Jaromir Jagr will not return to the Boston Bruins next season but the 41-year-old says that he hopes to play in a 20th NHL campaign.
“I want to do it [return to the NHL],” Jagr told reporters in Boston two days after the Bruins lost Game 6 of the Stanley Cup Finals to the Chicago Blackhawks. “I love this game so much that's for sure, so I don't want to go back to [the] Czech [Republic] yet."
The leading scorer among active NHL players with 681 goals and 1688 points in 1391 career regular-season games, Jagr was traded to Boston prior to the April 3 Trade Deadline and played primarily on the Bruins’ second and third lines throughout the Stanley Cup Playoffs.
Jagr had 10 assists in 22 playoff games this spring, but did not score.
“Maybe if I scored 20 goals in the playoffs it would be a different story,” he said of returning to the Bruins next season. “But I was 20 short.”
Bruins general manager Peter Chiarelli told the free-agent-to-be that the Bruins would not re-sign him. The same message was delivered to veteran forward Jay Pandolfo and to defenseman Andrew Ference.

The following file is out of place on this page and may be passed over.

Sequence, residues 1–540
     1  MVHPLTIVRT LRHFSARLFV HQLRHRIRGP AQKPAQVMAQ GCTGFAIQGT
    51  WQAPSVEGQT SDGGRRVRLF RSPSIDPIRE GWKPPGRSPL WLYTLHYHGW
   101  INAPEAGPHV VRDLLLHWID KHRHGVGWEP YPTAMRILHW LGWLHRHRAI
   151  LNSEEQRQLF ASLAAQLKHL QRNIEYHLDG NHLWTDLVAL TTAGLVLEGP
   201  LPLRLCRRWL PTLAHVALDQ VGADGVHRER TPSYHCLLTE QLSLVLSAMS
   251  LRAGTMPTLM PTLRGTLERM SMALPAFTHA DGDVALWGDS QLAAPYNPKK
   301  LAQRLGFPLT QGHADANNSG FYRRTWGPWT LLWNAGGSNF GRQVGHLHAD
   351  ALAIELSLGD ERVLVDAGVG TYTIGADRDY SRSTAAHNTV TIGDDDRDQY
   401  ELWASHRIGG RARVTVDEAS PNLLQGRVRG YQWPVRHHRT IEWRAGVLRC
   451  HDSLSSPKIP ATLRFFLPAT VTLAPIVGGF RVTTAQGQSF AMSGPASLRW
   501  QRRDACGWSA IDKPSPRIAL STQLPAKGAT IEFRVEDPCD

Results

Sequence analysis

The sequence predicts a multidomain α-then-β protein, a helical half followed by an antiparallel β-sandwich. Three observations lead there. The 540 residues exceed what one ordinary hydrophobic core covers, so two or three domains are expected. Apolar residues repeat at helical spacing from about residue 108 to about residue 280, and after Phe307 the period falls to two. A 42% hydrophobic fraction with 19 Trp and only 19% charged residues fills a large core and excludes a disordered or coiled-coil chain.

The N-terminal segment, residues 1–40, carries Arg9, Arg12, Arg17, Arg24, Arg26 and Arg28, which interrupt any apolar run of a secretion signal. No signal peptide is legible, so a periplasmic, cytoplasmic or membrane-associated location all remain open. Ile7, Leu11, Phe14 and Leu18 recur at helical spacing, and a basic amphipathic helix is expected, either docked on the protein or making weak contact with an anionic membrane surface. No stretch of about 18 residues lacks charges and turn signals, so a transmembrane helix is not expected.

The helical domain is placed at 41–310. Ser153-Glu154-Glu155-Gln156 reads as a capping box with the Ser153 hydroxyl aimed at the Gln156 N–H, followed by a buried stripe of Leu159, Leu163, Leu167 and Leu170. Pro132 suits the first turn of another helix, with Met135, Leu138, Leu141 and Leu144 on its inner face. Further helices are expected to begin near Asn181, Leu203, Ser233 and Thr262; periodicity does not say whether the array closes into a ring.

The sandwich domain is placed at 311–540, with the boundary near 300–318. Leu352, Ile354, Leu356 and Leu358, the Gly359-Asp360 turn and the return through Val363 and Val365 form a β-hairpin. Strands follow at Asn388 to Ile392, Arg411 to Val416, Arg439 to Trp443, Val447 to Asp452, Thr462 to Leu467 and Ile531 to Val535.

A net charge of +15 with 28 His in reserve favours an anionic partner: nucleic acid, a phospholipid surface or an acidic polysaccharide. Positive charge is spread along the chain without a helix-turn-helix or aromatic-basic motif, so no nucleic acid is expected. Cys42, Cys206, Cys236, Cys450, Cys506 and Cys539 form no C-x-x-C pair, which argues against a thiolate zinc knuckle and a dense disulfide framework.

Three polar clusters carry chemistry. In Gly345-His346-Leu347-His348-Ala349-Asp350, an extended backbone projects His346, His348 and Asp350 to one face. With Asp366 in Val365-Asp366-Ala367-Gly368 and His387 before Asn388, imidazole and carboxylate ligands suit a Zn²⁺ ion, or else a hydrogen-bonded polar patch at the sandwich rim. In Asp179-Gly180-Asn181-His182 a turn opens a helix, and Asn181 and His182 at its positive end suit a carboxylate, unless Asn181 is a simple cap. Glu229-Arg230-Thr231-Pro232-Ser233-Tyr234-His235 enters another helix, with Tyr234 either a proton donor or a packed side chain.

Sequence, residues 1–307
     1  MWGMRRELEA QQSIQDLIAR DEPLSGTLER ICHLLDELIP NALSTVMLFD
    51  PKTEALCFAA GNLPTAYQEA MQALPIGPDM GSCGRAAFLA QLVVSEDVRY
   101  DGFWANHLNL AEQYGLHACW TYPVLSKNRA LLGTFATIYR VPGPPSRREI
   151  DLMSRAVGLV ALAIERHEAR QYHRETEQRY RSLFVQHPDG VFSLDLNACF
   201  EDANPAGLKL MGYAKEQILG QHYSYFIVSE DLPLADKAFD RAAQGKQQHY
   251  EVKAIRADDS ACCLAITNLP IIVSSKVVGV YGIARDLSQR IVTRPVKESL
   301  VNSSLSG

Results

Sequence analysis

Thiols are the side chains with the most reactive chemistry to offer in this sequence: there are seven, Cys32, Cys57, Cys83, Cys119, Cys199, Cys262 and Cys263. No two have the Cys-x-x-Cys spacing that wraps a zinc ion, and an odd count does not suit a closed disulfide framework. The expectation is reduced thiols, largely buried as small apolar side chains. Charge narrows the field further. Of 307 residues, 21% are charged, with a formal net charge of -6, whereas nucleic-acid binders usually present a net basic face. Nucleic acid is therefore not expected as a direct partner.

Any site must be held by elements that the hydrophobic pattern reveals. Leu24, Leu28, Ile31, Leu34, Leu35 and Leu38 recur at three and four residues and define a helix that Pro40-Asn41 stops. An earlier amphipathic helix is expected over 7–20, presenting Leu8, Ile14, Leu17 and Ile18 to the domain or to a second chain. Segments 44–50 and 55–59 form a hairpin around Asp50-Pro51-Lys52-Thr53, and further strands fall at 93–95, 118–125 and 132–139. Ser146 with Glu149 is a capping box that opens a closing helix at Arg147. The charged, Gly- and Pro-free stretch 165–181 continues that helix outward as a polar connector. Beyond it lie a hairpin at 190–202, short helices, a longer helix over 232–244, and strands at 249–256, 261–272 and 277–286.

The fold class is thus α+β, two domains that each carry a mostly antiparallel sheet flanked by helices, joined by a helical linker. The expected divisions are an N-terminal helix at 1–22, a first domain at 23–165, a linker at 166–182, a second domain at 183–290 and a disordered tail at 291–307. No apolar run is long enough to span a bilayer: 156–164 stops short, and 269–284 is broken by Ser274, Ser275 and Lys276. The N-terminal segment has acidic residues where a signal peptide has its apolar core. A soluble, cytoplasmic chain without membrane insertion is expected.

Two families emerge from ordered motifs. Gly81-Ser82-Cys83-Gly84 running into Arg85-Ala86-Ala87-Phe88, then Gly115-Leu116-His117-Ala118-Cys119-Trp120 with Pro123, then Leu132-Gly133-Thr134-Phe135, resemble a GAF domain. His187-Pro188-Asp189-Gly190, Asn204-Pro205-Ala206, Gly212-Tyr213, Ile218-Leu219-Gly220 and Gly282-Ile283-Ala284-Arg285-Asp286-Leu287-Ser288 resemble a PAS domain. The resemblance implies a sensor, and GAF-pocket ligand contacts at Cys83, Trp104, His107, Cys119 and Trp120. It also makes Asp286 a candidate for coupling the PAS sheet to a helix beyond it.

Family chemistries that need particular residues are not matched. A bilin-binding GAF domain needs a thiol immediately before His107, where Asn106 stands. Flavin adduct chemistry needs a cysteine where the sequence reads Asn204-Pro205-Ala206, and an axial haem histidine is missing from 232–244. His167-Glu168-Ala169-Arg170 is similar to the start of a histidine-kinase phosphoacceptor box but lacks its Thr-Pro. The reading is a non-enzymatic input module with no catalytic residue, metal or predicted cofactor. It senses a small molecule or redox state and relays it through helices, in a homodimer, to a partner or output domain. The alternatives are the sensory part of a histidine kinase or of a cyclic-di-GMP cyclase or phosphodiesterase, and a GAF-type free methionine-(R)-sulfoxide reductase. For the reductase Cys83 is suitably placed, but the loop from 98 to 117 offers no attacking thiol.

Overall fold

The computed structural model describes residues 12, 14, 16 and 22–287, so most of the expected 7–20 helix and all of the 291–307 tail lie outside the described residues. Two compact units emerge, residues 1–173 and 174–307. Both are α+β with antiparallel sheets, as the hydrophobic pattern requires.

Chiarelli’s offseason priority will be to re-sign free agent Nathan Horton to a long-term deal. The 27-year-old finished second on the Bruins in playoff scoring with seven goals and 19 points in 22 games and was an NHL-best plus-20 in the postseason.
"I have enjoyed my time here obviously,” Horton said. “Two out of three years, I've been here we've been in the Stanley Cup and we've won one time and I said a million times, the guys in the room are amazing," Horton said. "It's been a lot of fun and I really enjoy everyone and every player on the team."
The Bruins also announced Wednesday that Horton will undergo offseason shoulder surgery.
HUNTER OFFICIALLY NAMED COACH OF CANADIAN U-18 TEAM:
Former Capitals captain and head coach Dale Hunter was formally introduced Wednesday as head coach of Hockey Canada’s Under-18 national team.
Hunter will lead Canada at the Ivan Hlinka Memorial Tournament this August in Slovakia. Canada will be seeking a sixth straight gold medal in the U-18 event.
"You see how much work goes into winning and that's why Canada wins," Hunter told reporters in Toronto. "If it was easy, it wouldn't be as much fun.
"In the playoffs you have seven games. You might lose the first two and you can redeem yourself. In a tournament like this you've got to be ready right off the hop and have them firing on all cylinders."